The traditional status of Christians under Islamic rule is established by “The Pact of Umar,” thought to date from the terms of surrender drawn up by Umar, the commander of the Islamic army, and the Syrian Christian leaders during the Muslim conquests of the seventh century. Stipulations against Christians included restrictions on repairing or building churches, restraint in public worship and processions, and refusal to seek to convert Muslims to Christian faith while allowing free conversion to Islam by any Christian.
Thus, Muslims and the Islamic religion are placed in a superior position in Muslim societies. While the impact varies today, the “Pact” is generally enforced across the Islamic world. Today this enforcement is expressed in governmental refusal to grant most Christian churches building permits; in social persecution and possible government detention of Muslims who convert to Christianity; and in bias resulting in second-tier educational and employment choices for Christians.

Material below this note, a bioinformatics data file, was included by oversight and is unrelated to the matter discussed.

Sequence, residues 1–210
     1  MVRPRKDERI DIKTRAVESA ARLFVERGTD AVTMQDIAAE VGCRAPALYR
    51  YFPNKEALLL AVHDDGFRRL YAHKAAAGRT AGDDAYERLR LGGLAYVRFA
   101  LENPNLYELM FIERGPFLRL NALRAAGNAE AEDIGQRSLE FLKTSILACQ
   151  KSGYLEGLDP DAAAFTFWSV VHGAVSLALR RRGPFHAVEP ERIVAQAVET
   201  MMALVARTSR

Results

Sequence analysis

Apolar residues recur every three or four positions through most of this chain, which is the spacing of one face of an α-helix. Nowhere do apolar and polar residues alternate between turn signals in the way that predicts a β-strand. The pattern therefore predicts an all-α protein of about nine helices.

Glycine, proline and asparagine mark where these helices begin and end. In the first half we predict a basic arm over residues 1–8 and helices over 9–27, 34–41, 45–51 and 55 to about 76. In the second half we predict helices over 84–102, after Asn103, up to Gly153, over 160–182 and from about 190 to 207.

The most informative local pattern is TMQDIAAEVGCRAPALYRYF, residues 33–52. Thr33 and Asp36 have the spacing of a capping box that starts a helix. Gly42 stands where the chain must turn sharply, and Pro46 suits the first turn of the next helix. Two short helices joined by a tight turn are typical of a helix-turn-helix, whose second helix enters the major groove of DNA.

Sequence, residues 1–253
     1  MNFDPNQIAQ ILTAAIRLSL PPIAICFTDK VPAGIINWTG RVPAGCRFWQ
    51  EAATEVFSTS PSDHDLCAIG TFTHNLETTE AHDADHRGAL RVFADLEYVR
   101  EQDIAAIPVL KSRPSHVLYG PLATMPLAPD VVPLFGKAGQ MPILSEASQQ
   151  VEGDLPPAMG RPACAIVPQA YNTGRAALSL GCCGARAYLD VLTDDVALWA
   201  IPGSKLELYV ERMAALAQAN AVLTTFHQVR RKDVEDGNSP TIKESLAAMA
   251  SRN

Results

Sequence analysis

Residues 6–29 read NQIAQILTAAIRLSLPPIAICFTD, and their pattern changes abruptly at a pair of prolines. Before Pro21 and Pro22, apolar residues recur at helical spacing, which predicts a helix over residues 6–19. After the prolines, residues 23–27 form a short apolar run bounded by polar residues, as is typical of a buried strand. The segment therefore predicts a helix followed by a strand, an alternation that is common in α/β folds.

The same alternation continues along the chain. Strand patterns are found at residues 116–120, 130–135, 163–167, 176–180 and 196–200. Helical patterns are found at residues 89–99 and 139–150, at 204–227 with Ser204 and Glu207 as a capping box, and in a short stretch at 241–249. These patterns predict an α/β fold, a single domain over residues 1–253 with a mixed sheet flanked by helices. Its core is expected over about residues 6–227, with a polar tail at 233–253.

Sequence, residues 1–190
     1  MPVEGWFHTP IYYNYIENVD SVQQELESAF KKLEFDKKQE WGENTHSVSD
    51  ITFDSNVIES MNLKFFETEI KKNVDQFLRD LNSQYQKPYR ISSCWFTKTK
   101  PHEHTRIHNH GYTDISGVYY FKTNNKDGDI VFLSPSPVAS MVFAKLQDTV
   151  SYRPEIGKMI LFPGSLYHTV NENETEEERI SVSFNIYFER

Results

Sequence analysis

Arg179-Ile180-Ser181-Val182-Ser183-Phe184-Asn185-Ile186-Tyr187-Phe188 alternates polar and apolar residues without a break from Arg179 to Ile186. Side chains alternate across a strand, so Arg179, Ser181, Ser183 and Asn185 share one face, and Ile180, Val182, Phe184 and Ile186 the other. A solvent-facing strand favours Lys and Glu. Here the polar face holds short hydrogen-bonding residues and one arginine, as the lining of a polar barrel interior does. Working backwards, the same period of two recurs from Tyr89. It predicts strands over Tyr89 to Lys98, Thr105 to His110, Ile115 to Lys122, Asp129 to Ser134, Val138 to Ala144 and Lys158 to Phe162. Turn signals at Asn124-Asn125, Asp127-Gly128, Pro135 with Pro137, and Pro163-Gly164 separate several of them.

However, another factor also influences our Christian family living under Islamic majority rule. These Christians and their co-nationals have a different view of history from most Americans. For them, events and persons from the distant past continue to have a huge impact in shaping their present community. Middle Easterners sense their community has a solidarity and affinity with past generations. Breaking away from such a strong sense of community requires strong and sustained commitment.
Compared to western ideals, this mindset frequently “feels” as if it lacks individual initiative, is indecisive and avoids risk-taking, all to people’s detriment. However, this mindset is based in regional ideals. The idealized culture of all Arabs is the nomadic Bedouin. Nomadic desert societies are interdependent. Few people brave the desert outside of community. Those who seek to “go it alone” frequently perish.